While the research team failed to breach the software update server and the fridge terminal at DEF CON hacking spree, the mobile app had shown glitches that have potential security problems.

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The coding in the mobile app contains a certificate that enables the encryption of credentials between the fridge and the mobile app. The certificate is correctly passworded, but the credential to the certificate appeared to be stored in the mobile app in an obfuscated form. So, if the codes of the certificates are broken down, it will allow the hacker to send commands to the fridge.

Pedro Venda of Pen Test Partners remarked “We wanted to pull the terminal unit out of the fridge to get physical access to things like a USB port and serial or JTAG interfaces, but ran out of time. However, we still found some interesting bugs that definitely merit further investigation. The MiTM alone is enough to expose a user’s Gmail creds."

This fiasco has created a tensed atmosphere in the Samsung Headquarters. In an open statement, the company ensured that "At Samsung, we understand that our success depends on consumers’ trust in us, and the products and services that we provide. We are investigating into this matter as quickly as possible. Protecting our consumers’ privacy is our top priority, and we work hard every day to safeguard our valued Samsung users.”


Developer finds unpatched exploit in OS X 10.10.5

Luca Todesco, a developer, has found a loophole in the OS X 10.10.5 update released by Apple that can get a hacker root access of a Mac computer.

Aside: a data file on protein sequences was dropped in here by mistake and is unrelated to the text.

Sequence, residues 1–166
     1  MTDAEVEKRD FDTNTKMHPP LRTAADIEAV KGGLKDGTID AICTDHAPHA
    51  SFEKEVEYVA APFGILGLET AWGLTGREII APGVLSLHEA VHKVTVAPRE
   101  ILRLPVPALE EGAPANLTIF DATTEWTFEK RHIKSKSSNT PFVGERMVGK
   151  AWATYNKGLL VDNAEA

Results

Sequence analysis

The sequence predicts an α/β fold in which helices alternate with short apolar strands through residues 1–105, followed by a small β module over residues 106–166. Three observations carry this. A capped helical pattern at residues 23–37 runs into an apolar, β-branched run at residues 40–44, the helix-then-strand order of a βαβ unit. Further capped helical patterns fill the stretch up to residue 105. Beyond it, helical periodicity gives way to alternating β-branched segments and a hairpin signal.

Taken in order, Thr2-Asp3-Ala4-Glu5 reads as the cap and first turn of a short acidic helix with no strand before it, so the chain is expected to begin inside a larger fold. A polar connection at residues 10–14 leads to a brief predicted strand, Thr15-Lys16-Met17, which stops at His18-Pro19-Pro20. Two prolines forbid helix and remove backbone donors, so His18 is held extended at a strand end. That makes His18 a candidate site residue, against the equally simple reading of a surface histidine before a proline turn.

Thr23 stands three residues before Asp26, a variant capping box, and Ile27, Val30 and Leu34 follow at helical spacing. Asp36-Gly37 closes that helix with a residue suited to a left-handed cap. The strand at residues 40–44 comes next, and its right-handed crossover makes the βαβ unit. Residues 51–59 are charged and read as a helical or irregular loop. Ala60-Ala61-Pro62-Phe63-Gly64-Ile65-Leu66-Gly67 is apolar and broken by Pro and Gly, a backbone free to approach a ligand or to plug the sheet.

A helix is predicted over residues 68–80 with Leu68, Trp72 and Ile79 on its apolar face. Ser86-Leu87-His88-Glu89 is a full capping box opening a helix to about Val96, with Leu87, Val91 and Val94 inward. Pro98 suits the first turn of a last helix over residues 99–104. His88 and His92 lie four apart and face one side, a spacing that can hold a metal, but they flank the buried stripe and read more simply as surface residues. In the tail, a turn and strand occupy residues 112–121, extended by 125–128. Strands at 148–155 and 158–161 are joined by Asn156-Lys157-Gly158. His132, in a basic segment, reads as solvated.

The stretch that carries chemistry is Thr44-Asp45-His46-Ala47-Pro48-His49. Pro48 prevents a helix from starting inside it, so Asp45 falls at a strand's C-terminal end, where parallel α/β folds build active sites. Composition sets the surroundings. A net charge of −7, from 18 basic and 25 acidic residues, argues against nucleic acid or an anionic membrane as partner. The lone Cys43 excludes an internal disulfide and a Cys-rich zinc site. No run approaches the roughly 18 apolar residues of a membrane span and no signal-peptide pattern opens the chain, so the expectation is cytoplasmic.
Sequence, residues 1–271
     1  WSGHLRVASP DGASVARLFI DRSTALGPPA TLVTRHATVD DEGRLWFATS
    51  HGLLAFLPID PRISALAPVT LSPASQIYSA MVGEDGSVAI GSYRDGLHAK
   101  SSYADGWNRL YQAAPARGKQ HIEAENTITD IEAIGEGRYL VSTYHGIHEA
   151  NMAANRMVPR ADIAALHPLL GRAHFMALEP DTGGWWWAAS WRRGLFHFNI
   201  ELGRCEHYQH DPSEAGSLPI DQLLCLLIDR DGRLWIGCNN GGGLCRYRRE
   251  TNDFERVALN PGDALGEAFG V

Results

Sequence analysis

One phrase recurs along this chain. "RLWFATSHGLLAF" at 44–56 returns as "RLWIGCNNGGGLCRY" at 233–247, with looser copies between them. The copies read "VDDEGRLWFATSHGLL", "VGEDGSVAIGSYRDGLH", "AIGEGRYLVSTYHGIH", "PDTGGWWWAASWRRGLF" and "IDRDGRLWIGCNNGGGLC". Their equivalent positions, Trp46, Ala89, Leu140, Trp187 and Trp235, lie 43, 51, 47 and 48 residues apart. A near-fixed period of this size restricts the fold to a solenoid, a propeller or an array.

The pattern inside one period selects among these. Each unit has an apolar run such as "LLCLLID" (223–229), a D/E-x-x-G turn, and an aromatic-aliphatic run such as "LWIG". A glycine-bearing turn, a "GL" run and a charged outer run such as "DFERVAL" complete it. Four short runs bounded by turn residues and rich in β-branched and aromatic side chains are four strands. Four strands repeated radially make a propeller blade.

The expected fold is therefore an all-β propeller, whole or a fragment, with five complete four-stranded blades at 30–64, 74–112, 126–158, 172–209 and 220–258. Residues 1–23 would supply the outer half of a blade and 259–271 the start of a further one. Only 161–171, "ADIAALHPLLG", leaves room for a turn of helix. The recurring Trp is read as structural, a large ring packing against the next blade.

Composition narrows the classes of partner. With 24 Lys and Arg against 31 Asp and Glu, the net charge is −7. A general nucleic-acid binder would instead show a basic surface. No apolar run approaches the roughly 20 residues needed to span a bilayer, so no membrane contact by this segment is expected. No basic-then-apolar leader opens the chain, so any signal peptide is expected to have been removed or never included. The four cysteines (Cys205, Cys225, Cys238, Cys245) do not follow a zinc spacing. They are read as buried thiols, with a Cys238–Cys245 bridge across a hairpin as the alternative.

Todesco shared the information on Github and the loophole works on all versions of OS X Yosemite.

The developer did not give Apple a heads up before putting the information out on the internet and so Apple will not be immediately able to patch the vulnerability found by Todesco.

The vulnerability found by the developer is similar to the DYLD_PRINT_TO_ACCESS vulnerability which took Apple less than a month to fix.

Until the update comes out, Apple users can protect themselves by only downloading apps from the Apple Store and trusted developers.

Bug allows Hackers to open locked Biometric Fingerprint Doors


Researcher has uncovered various flaws in a Taiwan-based Chiyu Technology's fingerprint access controller which could allow hackers to easily open the locked doors.

The researcher, Maxim Rupp has said that the vulnerabilities allow the attacker to view and modify the existing configuration of the device without authentication by directly accessing known paths. 


The path (CVE-2015-2871) varies slightly depending on model and services available.

According to an advisory published on July 31, the paths for accessing communications, fingerprint and other setup pages vary depending on the model and the services that are available, CERT/CC.

“It has identified models BF-660C, BF-630, BF-630W as being vulnerable; other models may also be vulnerable. The CERT/CC has been unable to verify this information with the vendor. The CVSS score below is based on CVE-2015-2871,” the advisory read.